As to claim 18. Kjorsvik discloses a computer readable medium encoded with one or more computer programs for enabling acquisition of a set of content data (presentations; col.4:19-25) and display of an image or images (presentation slides) generated from the set of content data (presentations) on a display device (monitor) during operation of an attention manager (presentation system), comprising:

  • acquisition instructions for enabling acquisition of a set of content data (presentations) from a specified information source (e.g. other network servers with databases having presentation information)',

    (Administration module #26 has the capability of communication with external sources, including other network servers with databases havins presentation information. The administration module #26 and database #24 on server #18 are responsible for generating the various slide presentations, selecting particular slide presentations for the individual PCS in the network and scheduling those presentations in a particular sequence, col.2:58-67)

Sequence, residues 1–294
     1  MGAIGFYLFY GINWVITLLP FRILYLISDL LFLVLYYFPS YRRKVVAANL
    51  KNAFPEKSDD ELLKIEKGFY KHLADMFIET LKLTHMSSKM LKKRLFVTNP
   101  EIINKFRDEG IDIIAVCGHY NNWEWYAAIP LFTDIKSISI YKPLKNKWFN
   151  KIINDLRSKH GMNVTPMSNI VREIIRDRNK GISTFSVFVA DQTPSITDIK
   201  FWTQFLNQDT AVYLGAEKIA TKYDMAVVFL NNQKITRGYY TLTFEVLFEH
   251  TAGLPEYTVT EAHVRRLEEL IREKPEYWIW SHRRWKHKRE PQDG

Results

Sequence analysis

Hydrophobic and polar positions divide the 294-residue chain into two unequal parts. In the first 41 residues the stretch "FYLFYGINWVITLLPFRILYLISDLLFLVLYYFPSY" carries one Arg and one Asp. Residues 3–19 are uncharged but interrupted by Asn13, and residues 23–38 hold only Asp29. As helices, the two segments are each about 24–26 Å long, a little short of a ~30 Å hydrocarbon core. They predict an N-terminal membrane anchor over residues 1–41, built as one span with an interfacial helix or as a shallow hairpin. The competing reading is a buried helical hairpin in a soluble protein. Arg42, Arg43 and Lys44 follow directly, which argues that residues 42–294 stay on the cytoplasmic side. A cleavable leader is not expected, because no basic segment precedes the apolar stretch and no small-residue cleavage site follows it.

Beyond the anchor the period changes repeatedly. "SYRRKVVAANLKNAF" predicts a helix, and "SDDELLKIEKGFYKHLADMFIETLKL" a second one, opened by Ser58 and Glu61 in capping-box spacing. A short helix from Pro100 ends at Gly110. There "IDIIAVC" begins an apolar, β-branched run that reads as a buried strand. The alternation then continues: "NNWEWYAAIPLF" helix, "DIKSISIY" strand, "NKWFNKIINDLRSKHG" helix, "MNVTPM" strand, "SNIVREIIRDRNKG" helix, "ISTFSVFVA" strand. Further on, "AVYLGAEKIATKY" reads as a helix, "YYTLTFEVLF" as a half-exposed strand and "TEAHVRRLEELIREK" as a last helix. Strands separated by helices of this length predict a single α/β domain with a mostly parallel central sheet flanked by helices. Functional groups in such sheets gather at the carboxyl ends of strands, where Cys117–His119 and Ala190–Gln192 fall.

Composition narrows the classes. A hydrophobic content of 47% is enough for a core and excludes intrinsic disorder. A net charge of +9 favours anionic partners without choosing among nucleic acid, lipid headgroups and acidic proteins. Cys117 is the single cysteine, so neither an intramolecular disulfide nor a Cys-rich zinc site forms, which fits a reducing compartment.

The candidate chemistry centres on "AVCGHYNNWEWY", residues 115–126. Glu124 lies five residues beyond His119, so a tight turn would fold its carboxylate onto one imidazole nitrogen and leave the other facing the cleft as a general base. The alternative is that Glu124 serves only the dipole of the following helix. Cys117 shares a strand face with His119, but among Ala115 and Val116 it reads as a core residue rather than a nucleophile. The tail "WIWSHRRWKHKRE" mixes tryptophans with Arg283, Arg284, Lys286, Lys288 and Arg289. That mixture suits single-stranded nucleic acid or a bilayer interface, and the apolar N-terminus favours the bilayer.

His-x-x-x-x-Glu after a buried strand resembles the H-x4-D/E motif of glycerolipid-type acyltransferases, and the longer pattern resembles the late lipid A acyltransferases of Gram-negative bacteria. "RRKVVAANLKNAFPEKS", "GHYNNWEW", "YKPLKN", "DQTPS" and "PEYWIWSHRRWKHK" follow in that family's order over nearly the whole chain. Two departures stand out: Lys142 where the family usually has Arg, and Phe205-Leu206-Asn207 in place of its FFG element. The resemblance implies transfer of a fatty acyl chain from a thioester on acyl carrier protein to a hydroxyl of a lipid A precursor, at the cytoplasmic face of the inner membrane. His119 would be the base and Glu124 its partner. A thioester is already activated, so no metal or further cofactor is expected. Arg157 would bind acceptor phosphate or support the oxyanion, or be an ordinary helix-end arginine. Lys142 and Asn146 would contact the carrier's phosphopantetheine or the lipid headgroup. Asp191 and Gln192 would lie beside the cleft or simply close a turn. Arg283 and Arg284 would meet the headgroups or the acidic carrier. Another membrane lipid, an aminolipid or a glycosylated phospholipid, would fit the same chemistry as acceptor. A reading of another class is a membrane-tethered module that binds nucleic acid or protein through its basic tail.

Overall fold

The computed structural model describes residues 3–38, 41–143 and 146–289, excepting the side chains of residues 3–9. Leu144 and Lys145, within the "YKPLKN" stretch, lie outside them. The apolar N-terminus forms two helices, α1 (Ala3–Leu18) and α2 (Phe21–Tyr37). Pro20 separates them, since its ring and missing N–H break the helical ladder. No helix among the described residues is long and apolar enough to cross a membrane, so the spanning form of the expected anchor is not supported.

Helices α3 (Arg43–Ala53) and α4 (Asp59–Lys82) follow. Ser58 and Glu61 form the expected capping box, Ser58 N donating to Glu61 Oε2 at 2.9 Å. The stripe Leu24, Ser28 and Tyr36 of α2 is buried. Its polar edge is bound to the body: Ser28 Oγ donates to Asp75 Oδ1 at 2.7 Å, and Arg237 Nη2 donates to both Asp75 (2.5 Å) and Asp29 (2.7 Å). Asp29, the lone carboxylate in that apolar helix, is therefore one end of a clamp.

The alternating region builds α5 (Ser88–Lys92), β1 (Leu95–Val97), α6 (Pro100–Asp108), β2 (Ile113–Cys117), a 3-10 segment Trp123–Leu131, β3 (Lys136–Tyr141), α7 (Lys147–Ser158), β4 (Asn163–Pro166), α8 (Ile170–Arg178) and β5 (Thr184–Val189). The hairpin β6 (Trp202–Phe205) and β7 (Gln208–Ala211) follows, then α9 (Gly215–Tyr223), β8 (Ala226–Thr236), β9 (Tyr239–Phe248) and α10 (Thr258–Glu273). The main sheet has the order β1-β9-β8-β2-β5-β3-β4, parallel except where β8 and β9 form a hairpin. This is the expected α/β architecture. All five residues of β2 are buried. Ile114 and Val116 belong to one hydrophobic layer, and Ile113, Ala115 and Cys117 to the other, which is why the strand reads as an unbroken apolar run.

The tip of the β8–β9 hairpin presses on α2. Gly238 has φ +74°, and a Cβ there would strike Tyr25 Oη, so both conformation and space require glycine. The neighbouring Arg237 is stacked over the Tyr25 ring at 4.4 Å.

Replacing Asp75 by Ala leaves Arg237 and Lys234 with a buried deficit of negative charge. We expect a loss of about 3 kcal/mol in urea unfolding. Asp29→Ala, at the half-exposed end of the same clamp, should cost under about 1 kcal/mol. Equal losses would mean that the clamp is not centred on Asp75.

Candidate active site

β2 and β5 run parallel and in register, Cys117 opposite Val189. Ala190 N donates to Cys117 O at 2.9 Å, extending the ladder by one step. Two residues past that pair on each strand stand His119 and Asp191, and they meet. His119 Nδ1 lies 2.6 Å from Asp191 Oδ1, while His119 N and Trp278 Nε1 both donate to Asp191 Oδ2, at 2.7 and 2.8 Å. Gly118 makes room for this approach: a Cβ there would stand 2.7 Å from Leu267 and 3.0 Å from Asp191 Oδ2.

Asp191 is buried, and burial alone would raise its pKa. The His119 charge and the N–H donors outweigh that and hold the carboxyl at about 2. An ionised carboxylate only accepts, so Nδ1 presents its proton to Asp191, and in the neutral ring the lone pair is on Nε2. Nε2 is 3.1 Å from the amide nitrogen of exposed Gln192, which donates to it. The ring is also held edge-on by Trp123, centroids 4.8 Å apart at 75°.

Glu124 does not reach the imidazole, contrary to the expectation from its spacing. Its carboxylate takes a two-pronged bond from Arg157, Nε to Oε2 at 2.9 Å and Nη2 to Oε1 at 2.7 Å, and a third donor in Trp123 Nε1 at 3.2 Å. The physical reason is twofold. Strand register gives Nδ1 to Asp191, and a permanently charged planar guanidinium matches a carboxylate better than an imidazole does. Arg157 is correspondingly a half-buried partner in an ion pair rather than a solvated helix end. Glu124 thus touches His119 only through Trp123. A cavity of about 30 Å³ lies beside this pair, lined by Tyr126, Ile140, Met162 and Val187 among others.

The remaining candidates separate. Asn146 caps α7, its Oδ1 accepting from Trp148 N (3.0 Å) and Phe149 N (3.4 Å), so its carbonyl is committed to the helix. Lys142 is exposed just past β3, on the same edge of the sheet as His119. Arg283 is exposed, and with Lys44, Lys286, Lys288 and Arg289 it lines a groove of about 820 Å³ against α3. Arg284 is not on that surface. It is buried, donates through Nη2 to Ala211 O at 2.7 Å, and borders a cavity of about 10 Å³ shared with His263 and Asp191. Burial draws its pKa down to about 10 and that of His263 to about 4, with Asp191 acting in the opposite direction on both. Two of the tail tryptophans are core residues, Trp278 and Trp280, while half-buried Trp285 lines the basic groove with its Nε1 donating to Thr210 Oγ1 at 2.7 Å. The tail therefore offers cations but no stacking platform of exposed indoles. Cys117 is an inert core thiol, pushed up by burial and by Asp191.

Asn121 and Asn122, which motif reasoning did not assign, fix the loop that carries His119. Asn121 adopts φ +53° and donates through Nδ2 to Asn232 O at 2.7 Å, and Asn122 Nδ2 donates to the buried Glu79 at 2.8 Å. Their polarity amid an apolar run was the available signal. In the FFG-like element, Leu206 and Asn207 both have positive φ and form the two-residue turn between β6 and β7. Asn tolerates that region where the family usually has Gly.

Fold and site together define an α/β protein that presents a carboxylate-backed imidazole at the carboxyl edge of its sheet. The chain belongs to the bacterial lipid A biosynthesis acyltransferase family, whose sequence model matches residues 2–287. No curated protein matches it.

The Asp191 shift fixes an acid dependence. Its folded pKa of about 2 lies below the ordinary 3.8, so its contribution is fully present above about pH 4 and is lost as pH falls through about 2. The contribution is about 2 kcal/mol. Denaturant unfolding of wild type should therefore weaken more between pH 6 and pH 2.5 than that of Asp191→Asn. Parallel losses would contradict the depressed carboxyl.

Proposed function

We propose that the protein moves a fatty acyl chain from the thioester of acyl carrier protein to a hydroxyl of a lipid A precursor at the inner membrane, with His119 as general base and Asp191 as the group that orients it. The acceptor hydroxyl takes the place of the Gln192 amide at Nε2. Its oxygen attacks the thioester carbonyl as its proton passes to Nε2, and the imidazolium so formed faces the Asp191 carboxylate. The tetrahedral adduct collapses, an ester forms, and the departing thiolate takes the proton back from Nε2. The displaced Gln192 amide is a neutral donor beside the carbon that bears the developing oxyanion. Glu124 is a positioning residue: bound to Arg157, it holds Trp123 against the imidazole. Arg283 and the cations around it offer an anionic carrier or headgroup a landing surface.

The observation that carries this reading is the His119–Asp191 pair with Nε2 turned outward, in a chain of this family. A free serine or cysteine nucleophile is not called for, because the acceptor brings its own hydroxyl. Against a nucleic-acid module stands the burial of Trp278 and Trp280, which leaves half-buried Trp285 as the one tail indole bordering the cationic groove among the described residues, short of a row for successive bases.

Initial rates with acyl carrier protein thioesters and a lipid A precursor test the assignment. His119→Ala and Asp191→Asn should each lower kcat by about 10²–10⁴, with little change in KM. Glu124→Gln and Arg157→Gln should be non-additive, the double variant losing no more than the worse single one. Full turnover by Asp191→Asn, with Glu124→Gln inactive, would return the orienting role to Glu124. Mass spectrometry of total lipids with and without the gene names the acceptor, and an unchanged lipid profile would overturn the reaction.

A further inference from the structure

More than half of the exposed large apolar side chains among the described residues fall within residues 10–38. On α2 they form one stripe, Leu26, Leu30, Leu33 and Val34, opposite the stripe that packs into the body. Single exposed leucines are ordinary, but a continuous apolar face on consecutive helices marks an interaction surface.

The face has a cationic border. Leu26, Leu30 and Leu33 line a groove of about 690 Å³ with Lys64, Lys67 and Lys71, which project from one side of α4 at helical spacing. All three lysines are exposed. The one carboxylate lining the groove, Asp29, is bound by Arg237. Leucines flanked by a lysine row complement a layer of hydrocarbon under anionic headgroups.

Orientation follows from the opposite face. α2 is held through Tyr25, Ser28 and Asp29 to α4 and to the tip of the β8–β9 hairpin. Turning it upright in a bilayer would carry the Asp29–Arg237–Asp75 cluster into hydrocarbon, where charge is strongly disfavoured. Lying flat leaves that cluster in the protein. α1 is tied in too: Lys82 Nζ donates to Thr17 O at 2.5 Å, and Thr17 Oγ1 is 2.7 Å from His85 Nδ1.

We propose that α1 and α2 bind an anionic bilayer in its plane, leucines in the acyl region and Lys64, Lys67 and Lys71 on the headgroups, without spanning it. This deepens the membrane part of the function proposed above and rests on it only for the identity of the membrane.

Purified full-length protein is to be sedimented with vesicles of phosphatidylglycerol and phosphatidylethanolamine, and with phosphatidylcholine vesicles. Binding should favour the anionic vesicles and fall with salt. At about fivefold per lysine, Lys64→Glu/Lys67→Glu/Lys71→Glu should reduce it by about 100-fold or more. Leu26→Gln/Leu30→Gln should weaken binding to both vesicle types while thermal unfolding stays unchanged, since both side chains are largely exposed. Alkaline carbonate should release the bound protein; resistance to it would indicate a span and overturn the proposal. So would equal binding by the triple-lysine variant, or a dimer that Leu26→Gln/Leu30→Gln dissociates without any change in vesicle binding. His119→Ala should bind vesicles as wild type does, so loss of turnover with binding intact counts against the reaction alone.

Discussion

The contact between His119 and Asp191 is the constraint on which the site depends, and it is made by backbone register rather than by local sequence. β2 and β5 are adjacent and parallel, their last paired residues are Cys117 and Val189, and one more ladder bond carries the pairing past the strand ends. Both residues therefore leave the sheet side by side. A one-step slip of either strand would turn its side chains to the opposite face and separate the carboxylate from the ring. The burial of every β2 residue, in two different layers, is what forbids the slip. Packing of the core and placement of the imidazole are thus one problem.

• user interface (messenger module #22) installation instructions for enabling provision of a user interface (messenger module) that allows a person to request the set of content data (presentations) from the specified information source (other network server with database having presentation information)

    (The messenger module can be loaded into a network PC from any external source, including the hard disk on the server, col. 2:48-50. see also col. 2:43 to col. 3:17)

  • content data (presentation) scheduling instructions (col. 4:17-19) for providing temporal constraints (scheduling of presentations is inherently a temporal constraint) on the display of the image or images (presentation slides) generated from the set of content data (presentations),
  • display instructions (e.g., col.3:l-5) for enabling display of the image or images (presentation slides) generated from the set Of content data (presentations).

4

  • content data (presentation) update instructions (col. 4:34-37) for enabling acquisition of an updated set of content data (presentations) from an information source (other network server with database having presentation information) that corresponds to a previously acquired set of content data (presentations from same network server)',

    (A particular slide may be edited at any time for presentation flexibility. The system database 24 is updated immediately upon such editing so as to impact the presentations in effect on-line, col.4:34-37. see also col.2:43 to col.3:17)

  • operating instructions for beginning, managing and terminating (figs. 14-15) the display on the display device (monitor) of an image (presentation slide) generated from a set of content data (presentations):